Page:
As Seth Rogovoy has noted, Roosevelt’s “special relationship with Jews was forged during his time serving as police commissioner in New York City, a post he assumed in 1904.” When an antisemitic German preacher named Hermann Ahlwardt gave speeches in the city, Roosevelt assigned a contingent of Jewish police officers to guard the man.
Roosevelt was also a Zionist. In 1918, shortly after the Balfour Declaration, he wrote: “It seems to me that it is entirely proper to start a Zionist state around Jerusalem.” He told Lioubomir Michailovitch, the Serbian Minister to the United States, that “there can be no peace worth having … unless the Jews [are] given control of Palestine.” Six months later Roosevelt died in his sleep.
Not all his descendants would share his belief in Jewish self-determination, however.
Two of Teddy Roosevelt’s grandchildren, Kermit and Archie, served their country in the CIA during the early years of the Cold War. Both were keenly interested in Middle East affairs, and were fluent in Arabic. Both were well read and highly educated, authoring books and filing dispatches for newspapers like the Saturday Evening Post, among others.
They were also prominent anti-Zionists.
Kermit Roosevelt, known as “Kim,” played a key role in anti-Zionist efforts in the United States and abroad. He was not, by the standards of his time, an antisemite. But he was ardently opposed to the creation of Israel.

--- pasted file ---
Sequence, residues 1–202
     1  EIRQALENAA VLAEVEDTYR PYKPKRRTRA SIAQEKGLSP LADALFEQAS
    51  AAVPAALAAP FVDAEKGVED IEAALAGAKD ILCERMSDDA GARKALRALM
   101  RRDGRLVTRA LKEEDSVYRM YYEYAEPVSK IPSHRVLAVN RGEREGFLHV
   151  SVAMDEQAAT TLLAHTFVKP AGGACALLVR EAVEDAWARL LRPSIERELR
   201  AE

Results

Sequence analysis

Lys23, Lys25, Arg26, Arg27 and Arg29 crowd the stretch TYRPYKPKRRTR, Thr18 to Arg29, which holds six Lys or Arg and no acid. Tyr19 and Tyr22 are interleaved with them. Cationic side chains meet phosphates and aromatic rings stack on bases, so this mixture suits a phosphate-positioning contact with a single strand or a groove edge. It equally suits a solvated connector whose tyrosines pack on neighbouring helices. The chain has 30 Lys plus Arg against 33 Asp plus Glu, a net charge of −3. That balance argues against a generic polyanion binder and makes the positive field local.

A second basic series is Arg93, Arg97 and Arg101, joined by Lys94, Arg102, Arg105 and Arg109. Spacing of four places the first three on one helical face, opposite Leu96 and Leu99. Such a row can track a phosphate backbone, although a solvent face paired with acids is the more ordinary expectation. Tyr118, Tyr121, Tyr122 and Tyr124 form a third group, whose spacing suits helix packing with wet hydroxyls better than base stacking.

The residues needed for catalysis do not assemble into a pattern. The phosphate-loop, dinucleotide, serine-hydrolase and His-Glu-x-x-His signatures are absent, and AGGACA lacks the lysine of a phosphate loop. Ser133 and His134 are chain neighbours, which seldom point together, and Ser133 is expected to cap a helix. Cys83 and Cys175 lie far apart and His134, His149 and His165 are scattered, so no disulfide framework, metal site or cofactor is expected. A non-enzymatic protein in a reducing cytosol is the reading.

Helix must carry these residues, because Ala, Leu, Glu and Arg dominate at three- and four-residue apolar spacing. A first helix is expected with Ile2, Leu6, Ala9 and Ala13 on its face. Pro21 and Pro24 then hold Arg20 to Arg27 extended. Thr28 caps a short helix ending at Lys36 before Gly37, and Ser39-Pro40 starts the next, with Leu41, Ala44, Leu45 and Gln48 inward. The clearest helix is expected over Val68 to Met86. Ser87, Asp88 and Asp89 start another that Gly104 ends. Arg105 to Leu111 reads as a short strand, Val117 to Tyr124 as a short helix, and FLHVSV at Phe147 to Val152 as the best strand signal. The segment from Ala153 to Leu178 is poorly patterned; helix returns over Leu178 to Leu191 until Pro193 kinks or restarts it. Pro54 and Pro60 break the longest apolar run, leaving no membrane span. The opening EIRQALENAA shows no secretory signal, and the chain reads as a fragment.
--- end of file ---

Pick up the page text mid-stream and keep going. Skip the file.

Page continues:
As Hugh Wilford observed in his 2013 book America’s Great Game: The CIA’s Secret Arabists and the Shaping of the Modern Middle East: “the anti-Zionism of the overt Cold War foreign policy establishment is well known” but “less widely appreciated is the opposition to Jewish statehood of the individuals responsible for setting up the United States’ covert apparatus in the Middle East.”
This began with the OSS, the CIA’s precursor. And it included men like Stephen Penrose, a former American University of Beirut instructor, and Kim Roosevelt’s boss during his wartime service in the OSS.
“Documents among Penrose’s personal papers reveal him engaged in a variety of anti-Zionist activities at the same time that he was commencing his official duties with the OSS,” Wilford notes.
Like many of his fellow Arabists, Penrose was the son of American missionaries who, failing to convert the native population to Christianity, sought to foster Arab nationalism instead. Penrose described himself as a “chief cook” who was “brewing” opposition to Zionism. He became one of Kim Roosevelt’s mentors.
In a January 1948 Middle East Journal article entitled, “Partition of Palestine: A Lesson in Pressure Politics,” Kim called the 1947 UN vote in favor of a Jewish state an “instructive and disturbing story.”
Roosevelt believed that the US media was unduly supportive of the creation of Israel, and claimed that almost all Americans “with diplomatic, educational, missionary, or business experience in the Middle East” opposed Zionism.
Kim’s pamphlet was reprinted by the Institute for Arab American Affairs, a New York-based group whose board he sat on. He also began working with the Arab League’s Washington, D.C., office and “turned elsewhere for allies in the anti-Zionist struggle, starting with the Protestant missionaries, educators, and aid workers.”